Gender roles, sex and the expression of driving anger

M. J.M. Sullman, J. Paxion, A. N. Stephens

Research output: Contribution to journalArticlepeer-review

13 Citations (Scopus)

Abstract

The present study investigated the validity of the 25-item Driving Anger Expression Inventory (DAX) as well as the role of sex and gender-roles in relation to the expression of driving anger in a sample of 378 French drivers (males = 38%, M = 32.9 years old). Confirmatory Factor Analysis supported the four-factor structure of the 25-item DAX (Adaptive/Constructive Expression; Use of the Vehicle to Express Anger; Verbal Aggressive Expression and Personal Physical Aggressive Expression) and two of the three aggressive factors were found to have significant positive relationships with driving anger, while adaptive/constructive expression was negatively related to driving anger. Use of the vehicle to express anger was not significantly related to crash involvement, but was significantly related to all other crash-related conditions (traffic tickets, loss of concentration, loss of control of the vehicle, near crash). The presence of feminine traits, but not sex, was predictive of adaptive/constructive behaviours, while masculine traits predicted more frequent verbal aggressive expression, use of the vehicle to express anger, personal physical aggressive expression and total aggressive expression. This finding may account for the inconsistent relationship found between driving anger and sex in previous research. This research also found that the 25-item DAX is a valid tool to measure the expression of driving anger and that the endorsement of masculine traits are related to more aggressive forms of driving anger expression.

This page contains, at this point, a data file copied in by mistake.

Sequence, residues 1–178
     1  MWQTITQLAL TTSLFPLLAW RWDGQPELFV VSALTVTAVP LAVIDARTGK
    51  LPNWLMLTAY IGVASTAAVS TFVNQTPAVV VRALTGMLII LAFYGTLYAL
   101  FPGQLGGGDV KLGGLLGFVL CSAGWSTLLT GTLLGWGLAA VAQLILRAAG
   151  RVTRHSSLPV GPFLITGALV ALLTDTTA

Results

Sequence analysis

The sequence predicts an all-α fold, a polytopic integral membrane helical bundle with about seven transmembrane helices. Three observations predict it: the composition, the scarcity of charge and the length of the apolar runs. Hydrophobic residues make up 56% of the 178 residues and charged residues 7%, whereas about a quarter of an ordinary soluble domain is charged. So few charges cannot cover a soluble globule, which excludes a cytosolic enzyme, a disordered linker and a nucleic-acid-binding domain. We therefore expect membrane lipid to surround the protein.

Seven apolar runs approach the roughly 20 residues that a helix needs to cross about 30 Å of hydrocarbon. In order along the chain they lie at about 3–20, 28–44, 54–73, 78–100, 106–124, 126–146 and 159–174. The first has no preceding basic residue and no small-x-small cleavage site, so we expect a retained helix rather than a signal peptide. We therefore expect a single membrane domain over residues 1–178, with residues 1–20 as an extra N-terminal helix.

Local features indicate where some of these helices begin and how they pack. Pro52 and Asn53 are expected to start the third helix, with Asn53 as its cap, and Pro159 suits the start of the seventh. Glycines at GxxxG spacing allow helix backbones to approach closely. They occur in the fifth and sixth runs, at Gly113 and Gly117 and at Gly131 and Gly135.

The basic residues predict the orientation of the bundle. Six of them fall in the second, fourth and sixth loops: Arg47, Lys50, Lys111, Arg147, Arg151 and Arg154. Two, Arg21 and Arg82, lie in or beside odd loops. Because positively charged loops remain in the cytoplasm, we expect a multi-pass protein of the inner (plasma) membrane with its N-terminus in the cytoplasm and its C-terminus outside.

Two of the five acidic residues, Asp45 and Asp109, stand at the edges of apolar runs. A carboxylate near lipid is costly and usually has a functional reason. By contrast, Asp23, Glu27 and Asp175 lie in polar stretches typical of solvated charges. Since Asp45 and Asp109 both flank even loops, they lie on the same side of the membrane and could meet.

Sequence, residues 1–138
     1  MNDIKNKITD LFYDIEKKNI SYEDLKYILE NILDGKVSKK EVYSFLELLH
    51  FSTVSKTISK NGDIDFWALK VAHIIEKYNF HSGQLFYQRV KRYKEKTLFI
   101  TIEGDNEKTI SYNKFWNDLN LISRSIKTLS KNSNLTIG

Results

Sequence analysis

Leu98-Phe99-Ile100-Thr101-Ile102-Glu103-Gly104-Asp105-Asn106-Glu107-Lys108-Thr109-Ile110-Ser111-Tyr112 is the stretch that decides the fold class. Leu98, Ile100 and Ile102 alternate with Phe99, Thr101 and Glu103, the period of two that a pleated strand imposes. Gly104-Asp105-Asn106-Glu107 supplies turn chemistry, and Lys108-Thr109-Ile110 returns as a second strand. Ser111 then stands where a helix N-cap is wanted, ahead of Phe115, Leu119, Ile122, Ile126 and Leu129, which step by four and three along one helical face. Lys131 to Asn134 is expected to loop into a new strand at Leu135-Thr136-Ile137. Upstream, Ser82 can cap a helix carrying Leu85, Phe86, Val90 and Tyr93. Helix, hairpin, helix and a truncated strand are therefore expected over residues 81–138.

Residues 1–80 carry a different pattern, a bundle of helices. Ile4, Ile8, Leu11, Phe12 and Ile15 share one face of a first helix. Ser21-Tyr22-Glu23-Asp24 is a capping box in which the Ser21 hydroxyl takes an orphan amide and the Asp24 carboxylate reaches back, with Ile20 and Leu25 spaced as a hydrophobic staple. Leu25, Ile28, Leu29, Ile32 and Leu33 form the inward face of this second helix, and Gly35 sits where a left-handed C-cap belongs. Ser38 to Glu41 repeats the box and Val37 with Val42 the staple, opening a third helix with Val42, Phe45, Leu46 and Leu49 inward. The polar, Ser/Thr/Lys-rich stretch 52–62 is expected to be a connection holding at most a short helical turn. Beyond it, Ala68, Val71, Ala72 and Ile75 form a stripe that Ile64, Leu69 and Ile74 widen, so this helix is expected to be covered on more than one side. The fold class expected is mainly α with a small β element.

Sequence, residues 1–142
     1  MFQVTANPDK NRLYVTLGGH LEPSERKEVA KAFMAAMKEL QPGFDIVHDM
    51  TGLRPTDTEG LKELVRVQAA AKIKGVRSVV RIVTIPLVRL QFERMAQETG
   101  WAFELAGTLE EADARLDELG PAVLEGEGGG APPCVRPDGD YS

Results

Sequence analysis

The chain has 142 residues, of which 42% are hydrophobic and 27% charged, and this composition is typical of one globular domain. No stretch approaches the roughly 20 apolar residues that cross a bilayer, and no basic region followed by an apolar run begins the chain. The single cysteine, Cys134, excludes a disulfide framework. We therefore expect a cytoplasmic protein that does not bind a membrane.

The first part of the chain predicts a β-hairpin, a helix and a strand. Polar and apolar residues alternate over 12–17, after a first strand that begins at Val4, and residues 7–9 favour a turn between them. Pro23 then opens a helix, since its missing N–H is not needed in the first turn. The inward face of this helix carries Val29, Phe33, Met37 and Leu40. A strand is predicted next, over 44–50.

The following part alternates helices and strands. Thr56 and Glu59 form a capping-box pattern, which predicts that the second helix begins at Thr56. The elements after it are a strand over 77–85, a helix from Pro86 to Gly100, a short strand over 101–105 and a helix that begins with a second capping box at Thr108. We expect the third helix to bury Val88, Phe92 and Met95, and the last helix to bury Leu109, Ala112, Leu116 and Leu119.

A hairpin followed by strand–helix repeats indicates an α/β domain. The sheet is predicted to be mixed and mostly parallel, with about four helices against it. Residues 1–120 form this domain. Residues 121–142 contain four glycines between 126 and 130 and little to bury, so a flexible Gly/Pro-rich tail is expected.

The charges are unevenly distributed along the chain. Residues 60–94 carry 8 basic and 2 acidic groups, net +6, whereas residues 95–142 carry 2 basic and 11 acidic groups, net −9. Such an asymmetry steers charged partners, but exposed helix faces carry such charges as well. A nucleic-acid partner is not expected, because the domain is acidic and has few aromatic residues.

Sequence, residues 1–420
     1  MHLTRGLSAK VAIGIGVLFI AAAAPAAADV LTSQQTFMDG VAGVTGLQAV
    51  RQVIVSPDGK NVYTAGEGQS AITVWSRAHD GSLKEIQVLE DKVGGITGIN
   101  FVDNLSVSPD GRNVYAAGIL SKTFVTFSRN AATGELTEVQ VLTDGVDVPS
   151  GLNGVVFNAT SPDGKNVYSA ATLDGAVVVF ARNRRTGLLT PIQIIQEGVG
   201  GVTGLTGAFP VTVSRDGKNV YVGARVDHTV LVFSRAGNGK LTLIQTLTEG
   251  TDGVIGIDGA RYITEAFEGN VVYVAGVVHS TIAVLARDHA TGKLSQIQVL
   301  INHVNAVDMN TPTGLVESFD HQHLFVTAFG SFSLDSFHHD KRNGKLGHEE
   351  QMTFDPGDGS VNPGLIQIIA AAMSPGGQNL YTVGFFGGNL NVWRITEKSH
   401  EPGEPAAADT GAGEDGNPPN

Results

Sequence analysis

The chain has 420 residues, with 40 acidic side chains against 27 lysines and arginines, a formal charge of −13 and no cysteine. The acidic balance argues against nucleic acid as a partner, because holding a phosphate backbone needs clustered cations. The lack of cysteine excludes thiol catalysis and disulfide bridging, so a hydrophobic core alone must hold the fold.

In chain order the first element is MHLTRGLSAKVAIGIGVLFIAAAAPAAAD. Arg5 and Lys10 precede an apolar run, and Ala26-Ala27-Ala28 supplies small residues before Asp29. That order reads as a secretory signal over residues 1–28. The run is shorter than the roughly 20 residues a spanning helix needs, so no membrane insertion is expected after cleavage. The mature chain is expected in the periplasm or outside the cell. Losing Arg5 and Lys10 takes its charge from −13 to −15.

Original languageEnglish
Pages (from-to)23-30
Number of pages8
JournalAccident Analysis and Prevention
Volume106
DOIs
Publication statusPublished - 1 Sep 2017
Externally publishedYes

Keywords

  • Anger
  • Anger expression
  • Driving anger
  • France
  • Gender-role
  • Sex

Fingerprint Dive into the research topics of 'Gender roles, sex and the expression of driving anger'. Together they form a unique fingerprint.

Cite this